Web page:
Home Ownership

Tax Time! What Are the Tax Benefits of Homeownership?

Owning a home is not just about having a place to call your own – it’s also a major financial investment that has the potential to yield significant savings when it comes to your taxes. There are numerous tax breaks out there for homeowners.

While there’s no substitute for customized financial and tax guidance, we will touch on some of the major advantages you can expect to see at tax time when you own a home.

Understanding the Benefits of Itemized Deductions

The vast majority of people take the “standard” deduction when they file their taxes instead of itemizing – but homeowners may want to rethink that tactic. Itemized deductions require you to meticulously list all your individual tax-deductible expenses, such as mortgage interest, property taxes and home office expenses, among other things, for the maximum benefit.

On the other hand, the standard deduction is a fixed amount set by the government – which is simpler to use but means potentially missing out on additional savings. For 2023, singles can only deduct $13,850 using the standard deduction, heads of households get to deduct $20,800 and married couples who file jointly get $27,700 – all of which may be significantly less than you get by itemizing. By keeping detailed records of your eligible expenses once you own a home, you can strategically lower your taxable income and increase your potential tax return.

What Sort of Tax Deductions Do Homeowners Get to Take?

We’ve briefly touched on a few, but here are some detailed explanations of the sort of things you can use when calculating your tax liabilities as a homeowner:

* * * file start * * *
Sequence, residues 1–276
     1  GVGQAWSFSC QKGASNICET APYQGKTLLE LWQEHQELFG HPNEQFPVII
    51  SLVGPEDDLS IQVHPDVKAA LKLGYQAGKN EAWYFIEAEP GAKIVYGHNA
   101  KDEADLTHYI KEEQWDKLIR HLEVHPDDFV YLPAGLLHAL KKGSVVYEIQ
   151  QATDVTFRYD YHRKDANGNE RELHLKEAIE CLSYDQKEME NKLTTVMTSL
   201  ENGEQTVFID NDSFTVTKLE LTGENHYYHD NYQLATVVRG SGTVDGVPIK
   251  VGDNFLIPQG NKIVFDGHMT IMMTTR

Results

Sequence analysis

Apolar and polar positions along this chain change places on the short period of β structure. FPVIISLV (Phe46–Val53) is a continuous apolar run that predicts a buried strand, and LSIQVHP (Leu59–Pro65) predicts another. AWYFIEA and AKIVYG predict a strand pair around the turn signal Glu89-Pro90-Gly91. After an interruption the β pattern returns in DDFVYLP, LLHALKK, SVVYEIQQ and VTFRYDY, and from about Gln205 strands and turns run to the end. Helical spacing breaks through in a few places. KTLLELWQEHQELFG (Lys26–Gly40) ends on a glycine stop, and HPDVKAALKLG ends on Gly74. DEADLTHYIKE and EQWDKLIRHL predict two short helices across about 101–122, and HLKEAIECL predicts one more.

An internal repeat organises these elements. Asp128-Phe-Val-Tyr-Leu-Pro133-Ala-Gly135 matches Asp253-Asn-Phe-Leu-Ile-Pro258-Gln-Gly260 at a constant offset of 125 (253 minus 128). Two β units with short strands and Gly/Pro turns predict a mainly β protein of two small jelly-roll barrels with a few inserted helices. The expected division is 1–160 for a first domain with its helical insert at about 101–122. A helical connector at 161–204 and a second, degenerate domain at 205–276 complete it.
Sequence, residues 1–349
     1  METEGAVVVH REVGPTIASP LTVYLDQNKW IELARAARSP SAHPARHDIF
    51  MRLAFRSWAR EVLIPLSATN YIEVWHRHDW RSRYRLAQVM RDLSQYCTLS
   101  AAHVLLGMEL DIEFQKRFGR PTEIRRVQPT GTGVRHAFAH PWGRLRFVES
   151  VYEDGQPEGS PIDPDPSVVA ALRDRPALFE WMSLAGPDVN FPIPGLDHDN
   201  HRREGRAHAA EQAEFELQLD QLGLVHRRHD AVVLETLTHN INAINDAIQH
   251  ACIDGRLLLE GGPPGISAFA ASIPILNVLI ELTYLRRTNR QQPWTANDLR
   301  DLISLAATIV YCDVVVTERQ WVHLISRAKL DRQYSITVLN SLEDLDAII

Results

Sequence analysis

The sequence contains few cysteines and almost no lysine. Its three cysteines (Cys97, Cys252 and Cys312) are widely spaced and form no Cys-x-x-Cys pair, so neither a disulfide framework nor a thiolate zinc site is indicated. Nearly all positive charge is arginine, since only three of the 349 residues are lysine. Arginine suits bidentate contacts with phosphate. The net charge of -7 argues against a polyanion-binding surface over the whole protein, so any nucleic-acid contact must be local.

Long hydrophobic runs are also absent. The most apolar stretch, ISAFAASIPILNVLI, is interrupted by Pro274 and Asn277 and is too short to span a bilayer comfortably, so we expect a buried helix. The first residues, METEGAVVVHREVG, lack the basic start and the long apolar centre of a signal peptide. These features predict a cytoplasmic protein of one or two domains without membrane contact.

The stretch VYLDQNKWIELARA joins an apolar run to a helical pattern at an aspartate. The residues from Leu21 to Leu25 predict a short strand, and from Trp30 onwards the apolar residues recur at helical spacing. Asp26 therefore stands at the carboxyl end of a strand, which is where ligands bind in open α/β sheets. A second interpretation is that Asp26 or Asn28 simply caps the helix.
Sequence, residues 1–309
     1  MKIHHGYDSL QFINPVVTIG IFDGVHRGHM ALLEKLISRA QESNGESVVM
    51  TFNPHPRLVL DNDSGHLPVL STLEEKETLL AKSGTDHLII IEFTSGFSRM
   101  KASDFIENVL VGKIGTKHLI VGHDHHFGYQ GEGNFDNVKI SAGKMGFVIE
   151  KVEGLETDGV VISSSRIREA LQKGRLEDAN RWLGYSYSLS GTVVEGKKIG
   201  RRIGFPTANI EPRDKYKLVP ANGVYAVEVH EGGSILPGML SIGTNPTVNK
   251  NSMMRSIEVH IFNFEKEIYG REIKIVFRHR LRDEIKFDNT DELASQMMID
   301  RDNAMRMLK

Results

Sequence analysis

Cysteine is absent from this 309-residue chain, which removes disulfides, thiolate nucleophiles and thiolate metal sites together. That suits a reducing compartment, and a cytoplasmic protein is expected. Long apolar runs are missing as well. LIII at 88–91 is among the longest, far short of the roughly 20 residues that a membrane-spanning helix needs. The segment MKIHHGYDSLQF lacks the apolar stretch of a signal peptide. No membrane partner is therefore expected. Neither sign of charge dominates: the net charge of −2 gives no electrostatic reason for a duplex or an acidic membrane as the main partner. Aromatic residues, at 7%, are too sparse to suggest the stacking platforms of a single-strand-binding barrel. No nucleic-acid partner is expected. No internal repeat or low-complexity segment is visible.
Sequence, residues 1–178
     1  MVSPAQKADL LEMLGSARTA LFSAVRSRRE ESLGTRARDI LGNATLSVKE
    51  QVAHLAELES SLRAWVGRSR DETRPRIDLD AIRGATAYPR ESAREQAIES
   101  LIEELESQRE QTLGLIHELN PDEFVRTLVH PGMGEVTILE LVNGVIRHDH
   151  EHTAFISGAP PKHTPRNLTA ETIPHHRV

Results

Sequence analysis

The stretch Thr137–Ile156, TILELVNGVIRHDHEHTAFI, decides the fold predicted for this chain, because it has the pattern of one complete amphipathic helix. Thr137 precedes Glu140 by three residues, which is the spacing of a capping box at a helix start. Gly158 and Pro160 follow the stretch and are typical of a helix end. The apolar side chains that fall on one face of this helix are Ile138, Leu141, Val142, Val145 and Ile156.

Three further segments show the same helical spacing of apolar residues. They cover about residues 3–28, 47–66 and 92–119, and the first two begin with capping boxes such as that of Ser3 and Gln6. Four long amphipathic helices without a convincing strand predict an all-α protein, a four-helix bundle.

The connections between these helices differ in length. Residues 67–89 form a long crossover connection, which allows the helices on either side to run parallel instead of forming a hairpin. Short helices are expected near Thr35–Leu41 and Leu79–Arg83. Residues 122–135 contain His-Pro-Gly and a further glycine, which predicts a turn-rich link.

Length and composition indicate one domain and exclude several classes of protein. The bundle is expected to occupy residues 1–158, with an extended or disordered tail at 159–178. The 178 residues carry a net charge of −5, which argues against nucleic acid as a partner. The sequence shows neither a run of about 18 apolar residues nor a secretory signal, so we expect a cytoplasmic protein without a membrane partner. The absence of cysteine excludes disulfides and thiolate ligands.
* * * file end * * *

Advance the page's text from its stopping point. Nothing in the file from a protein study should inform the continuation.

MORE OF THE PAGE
1. The Mortgage Interest

Arguably the most significant tax benefit for homeowners, the mortgage interest deduction allows you to deduct the interest you’ve paid on your mortgage loans over the previous year.

This deduction applies not only to your primary residences but also to any secondary homes you may have, which makes for additional savings if you happen to be lucky enough to own a vacation property. This deduction can result in substantial long-term savings for you over the life of your loan, especially in the early years when most of what you’re paying is actually interest.

  1. Home Equity Loan Interest

Are you a homeowner with a home equity loan? Whether you took it out to fund your child’s college education or you decided to do some upgrades, that interest you’re paying on that loan is also deductible – just like the interest on your primary mortgage.

  1. Mortgage Insurance Premiums

Did you put down less than 20% on your home when you bought it? Private mortgage insurance (PMI) was probably required. Fortunately, the premiums paid for PMI are also likely to be tax-deductible, which may come as some welcome relief and balance out those financial scales a little.

  1. The Cost of Discount Points

Mortgage discount points are upfront fees that you can pay to a lender at the time of closing in exchange for a lower interest rate on a mortgage loan. Each point typically costs 1% of the total loan amount.